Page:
at the risk of being branded a heretic, i'll say flat out - this is the WORST RUNNING MOVIE of all time. in other words, i come not praise "the loneliness of the long distance runner," but to bury it and any thought it could inspire a runner, or any athlete, in any way! i read the short story years ago and was shocked by the shallow, childish ending. how would anyone find that outcome inspirational? a year or so later i picked up a vhs copy of the movie - and seeing it brought to life on the screen only reinforced my visceral disgust with the story line.
what, you may wonder, made me revisit this film all these years later? before i head down that road, for anyone who hasn't read the short story or seen the film: spoiler alert. to understand this rant a working knowledge of the ("surprise") finish is necessary. in all the races i've run (and i've run a few over the years), i've never met anyone who intentionally threw a race - especially to spite someone else. to watch the protagonist of this film stop short of of the finish line and baldly wait for the opposing team's runner to catch up, pass him and go on to win the race is anathema to my decidedly old-school way of thinking.
i'm quite capable of joining the long line of apologists who dredge up lame excuse after lame excuse for why colin refused to win the 5 mile cross country interschool championship. one beauty is he wants to remain true to himself and not participate in the system that is oppressing him. nor does colin want to reward the hypocritical governor of the reform school by winning - for him. there are more, but i'll toss them into the same humble category - tripe. colin didn't have to run the race. nor did he need to accept the benefits of being the school's best runner - namely getting to train outside the grounds of the facility or the "soft" work assignment.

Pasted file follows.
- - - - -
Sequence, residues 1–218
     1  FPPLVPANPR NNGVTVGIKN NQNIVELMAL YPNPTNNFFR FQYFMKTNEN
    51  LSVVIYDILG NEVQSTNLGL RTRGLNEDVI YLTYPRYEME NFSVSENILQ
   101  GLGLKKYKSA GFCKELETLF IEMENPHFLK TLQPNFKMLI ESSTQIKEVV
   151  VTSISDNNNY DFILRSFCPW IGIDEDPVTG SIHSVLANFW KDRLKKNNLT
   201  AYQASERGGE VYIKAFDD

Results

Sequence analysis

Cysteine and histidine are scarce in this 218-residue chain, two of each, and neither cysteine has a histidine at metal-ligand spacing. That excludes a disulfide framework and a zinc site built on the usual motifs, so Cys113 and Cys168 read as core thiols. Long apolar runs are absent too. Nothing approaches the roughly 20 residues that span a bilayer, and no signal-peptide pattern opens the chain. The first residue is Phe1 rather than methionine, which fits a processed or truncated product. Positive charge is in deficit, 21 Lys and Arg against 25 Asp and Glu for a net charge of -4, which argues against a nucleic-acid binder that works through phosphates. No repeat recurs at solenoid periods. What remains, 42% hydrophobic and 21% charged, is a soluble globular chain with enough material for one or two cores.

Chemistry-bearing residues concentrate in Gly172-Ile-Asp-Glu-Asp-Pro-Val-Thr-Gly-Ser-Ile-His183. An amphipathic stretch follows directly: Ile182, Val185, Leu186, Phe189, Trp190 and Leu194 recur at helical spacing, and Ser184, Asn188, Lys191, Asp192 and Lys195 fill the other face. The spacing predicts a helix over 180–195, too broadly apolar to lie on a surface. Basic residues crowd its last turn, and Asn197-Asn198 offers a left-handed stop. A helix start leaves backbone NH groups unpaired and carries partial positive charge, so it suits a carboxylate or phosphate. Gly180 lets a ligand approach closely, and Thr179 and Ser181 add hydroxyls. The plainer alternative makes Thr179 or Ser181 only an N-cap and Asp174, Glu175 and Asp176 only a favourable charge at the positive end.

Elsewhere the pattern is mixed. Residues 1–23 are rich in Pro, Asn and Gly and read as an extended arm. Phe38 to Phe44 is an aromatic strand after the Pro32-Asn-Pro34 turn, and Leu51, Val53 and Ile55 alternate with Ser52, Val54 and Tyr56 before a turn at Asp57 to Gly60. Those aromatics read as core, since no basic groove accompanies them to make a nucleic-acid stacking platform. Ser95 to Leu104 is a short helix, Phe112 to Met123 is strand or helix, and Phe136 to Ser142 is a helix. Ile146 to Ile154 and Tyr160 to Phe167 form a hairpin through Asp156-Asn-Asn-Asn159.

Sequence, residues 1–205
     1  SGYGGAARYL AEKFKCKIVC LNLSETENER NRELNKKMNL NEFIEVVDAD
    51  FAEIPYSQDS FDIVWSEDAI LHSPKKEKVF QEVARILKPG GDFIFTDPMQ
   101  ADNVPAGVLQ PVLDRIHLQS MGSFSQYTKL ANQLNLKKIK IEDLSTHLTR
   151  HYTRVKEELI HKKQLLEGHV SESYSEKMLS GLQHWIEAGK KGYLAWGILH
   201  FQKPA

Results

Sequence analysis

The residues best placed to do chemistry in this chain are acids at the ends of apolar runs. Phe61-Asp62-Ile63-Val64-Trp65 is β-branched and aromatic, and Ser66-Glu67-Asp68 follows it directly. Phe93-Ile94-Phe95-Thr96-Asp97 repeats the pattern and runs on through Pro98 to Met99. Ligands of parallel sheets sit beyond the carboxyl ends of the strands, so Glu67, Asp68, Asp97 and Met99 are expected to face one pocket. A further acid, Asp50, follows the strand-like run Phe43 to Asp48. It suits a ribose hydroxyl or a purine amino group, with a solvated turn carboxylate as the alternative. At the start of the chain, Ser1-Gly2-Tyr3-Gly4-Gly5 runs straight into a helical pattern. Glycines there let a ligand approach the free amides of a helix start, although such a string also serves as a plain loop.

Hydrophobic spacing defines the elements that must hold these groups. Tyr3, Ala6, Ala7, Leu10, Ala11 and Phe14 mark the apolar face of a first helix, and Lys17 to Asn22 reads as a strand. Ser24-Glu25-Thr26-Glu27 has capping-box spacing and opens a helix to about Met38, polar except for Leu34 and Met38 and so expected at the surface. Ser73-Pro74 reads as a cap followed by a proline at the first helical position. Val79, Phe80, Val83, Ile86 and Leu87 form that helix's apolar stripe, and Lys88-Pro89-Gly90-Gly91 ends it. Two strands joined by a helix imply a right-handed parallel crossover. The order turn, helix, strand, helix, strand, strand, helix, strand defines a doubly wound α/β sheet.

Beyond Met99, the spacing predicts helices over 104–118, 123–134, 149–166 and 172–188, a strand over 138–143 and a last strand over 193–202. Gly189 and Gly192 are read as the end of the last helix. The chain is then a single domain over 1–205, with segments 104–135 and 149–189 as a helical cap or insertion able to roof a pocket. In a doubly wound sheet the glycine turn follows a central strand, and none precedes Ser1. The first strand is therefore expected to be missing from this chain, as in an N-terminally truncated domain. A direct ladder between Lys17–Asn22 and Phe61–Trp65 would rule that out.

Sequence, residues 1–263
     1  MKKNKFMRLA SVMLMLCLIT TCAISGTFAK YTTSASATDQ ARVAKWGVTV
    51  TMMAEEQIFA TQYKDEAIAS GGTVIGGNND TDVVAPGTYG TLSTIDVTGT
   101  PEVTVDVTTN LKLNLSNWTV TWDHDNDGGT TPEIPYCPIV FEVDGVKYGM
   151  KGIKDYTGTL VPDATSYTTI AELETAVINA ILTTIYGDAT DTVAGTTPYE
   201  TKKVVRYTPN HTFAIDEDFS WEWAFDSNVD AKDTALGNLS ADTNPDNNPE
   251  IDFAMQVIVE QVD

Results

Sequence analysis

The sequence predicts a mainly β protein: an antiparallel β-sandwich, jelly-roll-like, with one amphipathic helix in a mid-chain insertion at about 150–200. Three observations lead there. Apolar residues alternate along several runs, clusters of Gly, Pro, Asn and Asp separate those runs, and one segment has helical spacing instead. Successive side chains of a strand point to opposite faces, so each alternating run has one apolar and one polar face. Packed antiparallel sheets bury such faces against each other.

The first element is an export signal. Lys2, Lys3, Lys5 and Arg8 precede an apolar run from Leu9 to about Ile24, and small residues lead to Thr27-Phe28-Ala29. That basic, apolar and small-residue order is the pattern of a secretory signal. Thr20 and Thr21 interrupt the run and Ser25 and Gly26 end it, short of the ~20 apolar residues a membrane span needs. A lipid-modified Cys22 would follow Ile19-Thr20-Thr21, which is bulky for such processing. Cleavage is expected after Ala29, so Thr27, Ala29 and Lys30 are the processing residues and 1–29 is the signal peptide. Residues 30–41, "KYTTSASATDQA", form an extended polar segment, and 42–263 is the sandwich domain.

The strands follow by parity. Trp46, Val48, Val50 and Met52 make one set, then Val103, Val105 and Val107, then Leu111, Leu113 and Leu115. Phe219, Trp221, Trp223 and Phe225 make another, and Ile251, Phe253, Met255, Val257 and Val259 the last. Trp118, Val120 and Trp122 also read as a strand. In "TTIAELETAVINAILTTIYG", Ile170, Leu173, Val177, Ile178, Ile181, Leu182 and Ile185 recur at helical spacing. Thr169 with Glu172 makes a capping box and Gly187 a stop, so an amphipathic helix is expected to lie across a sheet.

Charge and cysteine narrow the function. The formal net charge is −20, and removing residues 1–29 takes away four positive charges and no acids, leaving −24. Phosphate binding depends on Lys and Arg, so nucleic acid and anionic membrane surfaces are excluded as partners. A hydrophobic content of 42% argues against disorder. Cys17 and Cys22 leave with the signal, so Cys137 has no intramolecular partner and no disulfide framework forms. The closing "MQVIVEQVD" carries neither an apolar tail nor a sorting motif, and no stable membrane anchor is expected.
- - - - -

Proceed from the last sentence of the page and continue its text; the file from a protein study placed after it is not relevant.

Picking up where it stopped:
he took the advantages and he threw the race. while some may pat him on the back for taking a stand - he too is a hypocrite (isn't he?). more importantly, however, colin lost the race for his teammates and school. even if he didn't care one wit about winning, a lot of (non-establishment) others did. while the "angry young men" (class consciousness) attitude of thumbing one's nose at the system was clearly present throughout the film - a noticeable tear in that facade was the crush of fellow boys behind the rope fence begging, urging, pleading with colin to win.
abstraction is one thing - but a cheering crowd of fellow reform school inmates that colin refuses to acknowledge - while finding the wherewithal to toss a sneer at the headmaster - is the bloody cold reality of this shallow character. he figuratively cut off his nose to spite his face?! no runner, no jogger, no weekend warrior, no athlete of whatsoever sport would behave in such a callous manner.
which gets me to why on earth i'd dredge this old story up. this is not a blog about politics, but sometimes it does seep in around the edges. last week the governor of illinois was impeached (for trying to sell senator obama's vacated senate seat). commenting on the legislature's action when he returned from a jog, governor blagojevich said that:
"his situation reminded him of the short story "The Loneliness of the Long-Distance Runner," about a petty criminal who takes up running. "And that's what this is, by the way, a long-distance run," he said."
priceless - or, in other words, you just can't make this stuff up!!
postscript: while i loath the "running" message (or non-message) of the story - the film itself, qua film, is excellent - and i would recommend it. tom courtenay, who portrayed colin in the film (together with other performances that year), was awarded the 1962 bafta award (the british oscar equivalent) for most promising newcomer.